Coming hot on the heels of the 1994 ANC election victory and a much-lauded first year in power, replete with calls for reconciliation and the creation of the rainbow nation, the 1995 Rugby World Cup was a sporting, political, international and PR triumph for Nelson Mandela and South Africa.
The sight of a jubilant Mandela embracing Francois Pienaar was more than just the joy of sporting victory, it was the joy of victory for the new South Africa and the embracing of the symbol of African resistance with the symbol of Afrikaaner sporting prowess. Symbolic it was, but important nonetheless for the message of reconciliation, for South Africa’s self-esteem and for its international reputation.
Can the soccer World Cup do the same? Can it rejuvenate a fading rainbow and give new hope as the poor majority in South Africa still wonder whether they will ever see any of the gold at the end of that rainbow?
Well, on the sporting field, I doubt we will see Bafana Bafana winning the final as the Boks did in ’95. And no matter how what you believe of the press coverage of his personality and predilections, Jacob Zuma is no Nelson Mandela. There will be no crowning Mandela/Pienaar moment. But could the competition and the money and attention it attracts lead to a more concrete, if less symbolic, step forward.
The president who got the World Cup for South Africa and was in power as the preparations got underway, Thabo Mbeki, predicted the competition would be the moment when Africa as a continent turned ” the tide on centuries of poverty and conflict – a huge claim, even by Mbeki’s “African renaissance” standards.
But others have, albeit from positions from which they could hardly say otherwise, made equally grand claims. Danny Jordaan, the chief executive of South Africa’s organising committee claims that the event will come to be seen in the same context as Nelson Mandela’s release and the first truly democratic elections, in 1994. That is perhaps going a bit too far, even if the event is a huge success.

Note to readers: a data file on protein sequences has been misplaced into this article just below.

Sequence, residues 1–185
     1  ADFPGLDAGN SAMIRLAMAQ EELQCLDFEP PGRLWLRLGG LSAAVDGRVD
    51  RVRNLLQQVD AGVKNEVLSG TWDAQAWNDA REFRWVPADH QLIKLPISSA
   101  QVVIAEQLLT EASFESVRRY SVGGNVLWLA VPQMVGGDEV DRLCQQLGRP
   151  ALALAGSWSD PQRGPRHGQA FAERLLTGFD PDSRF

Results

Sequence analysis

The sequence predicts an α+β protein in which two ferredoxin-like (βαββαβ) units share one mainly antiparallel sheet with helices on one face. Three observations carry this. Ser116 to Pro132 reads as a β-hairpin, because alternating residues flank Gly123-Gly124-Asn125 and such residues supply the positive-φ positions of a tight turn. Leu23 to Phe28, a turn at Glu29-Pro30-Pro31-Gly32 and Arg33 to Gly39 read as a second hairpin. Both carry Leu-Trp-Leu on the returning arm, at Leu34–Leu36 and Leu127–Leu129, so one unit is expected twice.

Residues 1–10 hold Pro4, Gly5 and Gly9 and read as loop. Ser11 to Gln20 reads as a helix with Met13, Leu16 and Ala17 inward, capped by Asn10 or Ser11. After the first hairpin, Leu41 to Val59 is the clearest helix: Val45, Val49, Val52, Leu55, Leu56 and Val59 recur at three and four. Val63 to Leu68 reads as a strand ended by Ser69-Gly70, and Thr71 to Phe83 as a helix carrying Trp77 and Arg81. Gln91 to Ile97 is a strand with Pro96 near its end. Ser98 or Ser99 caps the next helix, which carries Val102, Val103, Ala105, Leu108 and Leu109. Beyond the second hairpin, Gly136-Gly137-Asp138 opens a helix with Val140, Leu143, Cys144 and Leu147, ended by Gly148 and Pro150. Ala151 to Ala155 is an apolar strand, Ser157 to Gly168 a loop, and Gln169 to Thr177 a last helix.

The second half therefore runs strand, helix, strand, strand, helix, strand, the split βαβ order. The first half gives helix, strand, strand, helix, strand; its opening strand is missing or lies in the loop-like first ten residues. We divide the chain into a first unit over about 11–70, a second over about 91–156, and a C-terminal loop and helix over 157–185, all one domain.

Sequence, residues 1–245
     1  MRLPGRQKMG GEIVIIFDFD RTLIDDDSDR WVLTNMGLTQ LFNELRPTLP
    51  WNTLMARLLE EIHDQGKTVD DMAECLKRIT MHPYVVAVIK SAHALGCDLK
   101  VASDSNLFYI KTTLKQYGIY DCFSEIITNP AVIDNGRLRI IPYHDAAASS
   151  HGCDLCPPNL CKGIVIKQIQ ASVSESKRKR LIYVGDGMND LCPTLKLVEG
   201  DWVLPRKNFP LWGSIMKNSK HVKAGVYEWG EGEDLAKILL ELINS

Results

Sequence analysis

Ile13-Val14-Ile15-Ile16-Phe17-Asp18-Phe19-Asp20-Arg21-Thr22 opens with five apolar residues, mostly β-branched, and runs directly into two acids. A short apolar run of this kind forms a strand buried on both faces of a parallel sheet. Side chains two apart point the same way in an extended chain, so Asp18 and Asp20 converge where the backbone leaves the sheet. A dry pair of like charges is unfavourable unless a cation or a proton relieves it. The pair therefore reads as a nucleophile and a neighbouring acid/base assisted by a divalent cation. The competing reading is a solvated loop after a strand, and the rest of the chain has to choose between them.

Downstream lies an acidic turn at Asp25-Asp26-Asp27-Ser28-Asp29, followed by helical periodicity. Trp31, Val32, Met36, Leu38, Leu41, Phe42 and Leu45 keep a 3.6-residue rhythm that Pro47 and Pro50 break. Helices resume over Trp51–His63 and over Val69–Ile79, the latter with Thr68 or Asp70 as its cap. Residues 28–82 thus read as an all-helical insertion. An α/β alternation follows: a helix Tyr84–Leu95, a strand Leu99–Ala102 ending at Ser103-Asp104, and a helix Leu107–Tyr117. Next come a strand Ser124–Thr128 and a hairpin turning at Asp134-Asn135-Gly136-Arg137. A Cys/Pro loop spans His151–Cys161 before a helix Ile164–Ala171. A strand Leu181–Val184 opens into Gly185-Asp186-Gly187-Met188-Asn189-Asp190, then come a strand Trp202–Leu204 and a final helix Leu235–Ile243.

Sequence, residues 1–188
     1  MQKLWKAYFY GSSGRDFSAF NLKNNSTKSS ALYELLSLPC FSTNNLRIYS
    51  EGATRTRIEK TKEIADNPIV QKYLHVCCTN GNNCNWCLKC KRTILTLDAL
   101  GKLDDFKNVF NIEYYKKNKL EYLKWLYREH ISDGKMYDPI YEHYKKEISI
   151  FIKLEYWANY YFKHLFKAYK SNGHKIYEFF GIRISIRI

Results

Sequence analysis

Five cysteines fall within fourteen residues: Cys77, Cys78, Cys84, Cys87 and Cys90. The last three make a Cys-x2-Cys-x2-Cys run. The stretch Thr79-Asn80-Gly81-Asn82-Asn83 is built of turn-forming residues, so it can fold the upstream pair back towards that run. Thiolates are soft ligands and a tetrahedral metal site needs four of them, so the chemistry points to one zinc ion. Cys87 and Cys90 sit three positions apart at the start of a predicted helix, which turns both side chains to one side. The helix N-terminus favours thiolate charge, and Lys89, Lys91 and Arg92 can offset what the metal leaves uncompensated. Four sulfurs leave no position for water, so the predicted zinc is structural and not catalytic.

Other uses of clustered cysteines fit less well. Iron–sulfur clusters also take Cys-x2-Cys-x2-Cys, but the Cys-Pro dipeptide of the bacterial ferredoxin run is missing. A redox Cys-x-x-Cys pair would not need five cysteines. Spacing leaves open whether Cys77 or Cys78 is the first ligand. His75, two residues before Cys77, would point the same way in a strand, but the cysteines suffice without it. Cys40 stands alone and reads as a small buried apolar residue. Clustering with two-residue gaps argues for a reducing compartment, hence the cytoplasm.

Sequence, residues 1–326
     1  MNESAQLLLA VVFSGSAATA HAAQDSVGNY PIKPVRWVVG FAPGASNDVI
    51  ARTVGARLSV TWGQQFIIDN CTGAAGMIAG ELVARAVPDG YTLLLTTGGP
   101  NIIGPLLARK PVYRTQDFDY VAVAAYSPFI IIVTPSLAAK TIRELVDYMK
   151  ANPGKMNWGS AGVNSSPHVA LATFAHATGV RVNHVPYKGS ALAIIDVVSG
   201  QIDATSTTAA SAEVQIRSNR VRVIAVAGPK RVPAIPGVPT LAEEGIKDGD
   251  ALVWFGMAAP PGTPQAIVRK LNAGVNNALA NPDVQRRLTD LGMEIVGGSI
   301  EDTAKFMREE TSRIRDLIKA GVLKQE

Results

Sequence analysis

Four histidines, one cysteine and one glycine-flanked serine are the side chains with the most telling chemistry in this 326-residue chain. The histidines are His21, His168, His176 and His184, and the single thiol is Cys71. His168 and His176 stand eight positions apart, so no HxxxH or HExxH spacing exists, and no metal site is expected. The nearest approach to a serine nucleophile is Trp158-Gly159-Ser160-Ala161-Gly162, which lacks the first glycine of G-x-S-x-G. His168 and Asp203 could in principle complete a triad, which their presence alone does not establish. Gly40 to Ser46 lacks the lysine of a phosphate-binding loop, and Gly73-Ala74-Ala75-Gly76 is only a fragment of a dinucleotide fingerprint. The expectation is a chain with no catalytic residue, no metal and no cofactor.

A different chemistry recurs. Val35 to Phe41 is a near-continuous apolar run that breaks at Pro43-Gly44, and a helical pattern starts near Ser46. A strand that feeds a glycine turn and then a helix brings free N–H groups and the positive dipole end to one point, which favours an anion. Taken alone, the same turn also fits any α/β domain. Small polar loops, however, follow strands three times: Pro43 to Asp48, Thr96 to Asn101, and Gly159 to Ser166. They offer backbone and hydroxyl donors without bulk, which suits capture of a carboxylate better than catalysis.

South Africa has made extraordinary efforts to build the stadiums, the transport, broadcasting and other infrastructure. True it has had to go back to FIFA recently and ask for more money, but $3.3bn has been raised by FIFA from sponsorship and broadcasting deals and South Africa itself has invested over $5bn in preparing the competition.
That infrastructure will stay after the World Cup – though of course internationally there is still huge disagreement over the real legacy for the people and economies of countries who host World Cups, the Olympics and other huge events. Hundreds of thousands will visit South Africa – probably about 300,000.
But this is fewer than hoped for – not because of any doubts about South Africa’s ability to hold the event, not even because of the usual scare stories about violent crime. It is simply because of the state of the global economy and effects of recession in Europe and the Americas. Not so many people can now afford to travel and spend several weeks , if not a month, in hotels. Nevertheless, they will spend huge amounts of money, injecting cash into an economy that needs income for development, job creation and poverty reduction. So the economic benefit might not be as great as hoped, but it will still come as a welcome boost to the national and local economies.
Zuma’s big fear, though, will be another humiliating story about the president’s private life – his many marriages and his admission about having had an illegitimate child with the daughter of senior SA World Cup official Irvin Khoza, have done little for his national or international reputation – or another outburst by Youth League head Julius Malema or, though this on past record may turn out to be an empty fear, some outrage by the Afrikaaner extreme right as revenge for the death of Eugene Terreblanche. These are the fears that must haunt Zuma.
His reputation abroad is not good. He needs a very good World Cup from all points of view to help put behind him the corruption allegations, the ANC in-fighting to get rid of Mbeki, the antics and outbursts of Malema and his own bedroom antics. On the plus side, the ANC had publicly, if rather mildly, chastised Malema for some of his more ridiculous statements and the political temperature seems to have dropped in the months since the AWB leader’s murder.
The 2010 World Cup will not be a rerun of 1995 whatever happens, but Zuma must be hoping that his team, his country and his ANC colleagues help him use South Africa’s time under the floodlights of world attention to get him out of the international sin bin.
Keith Somerville – is in charge of the undergraduate journalism course at Brunel University, UK.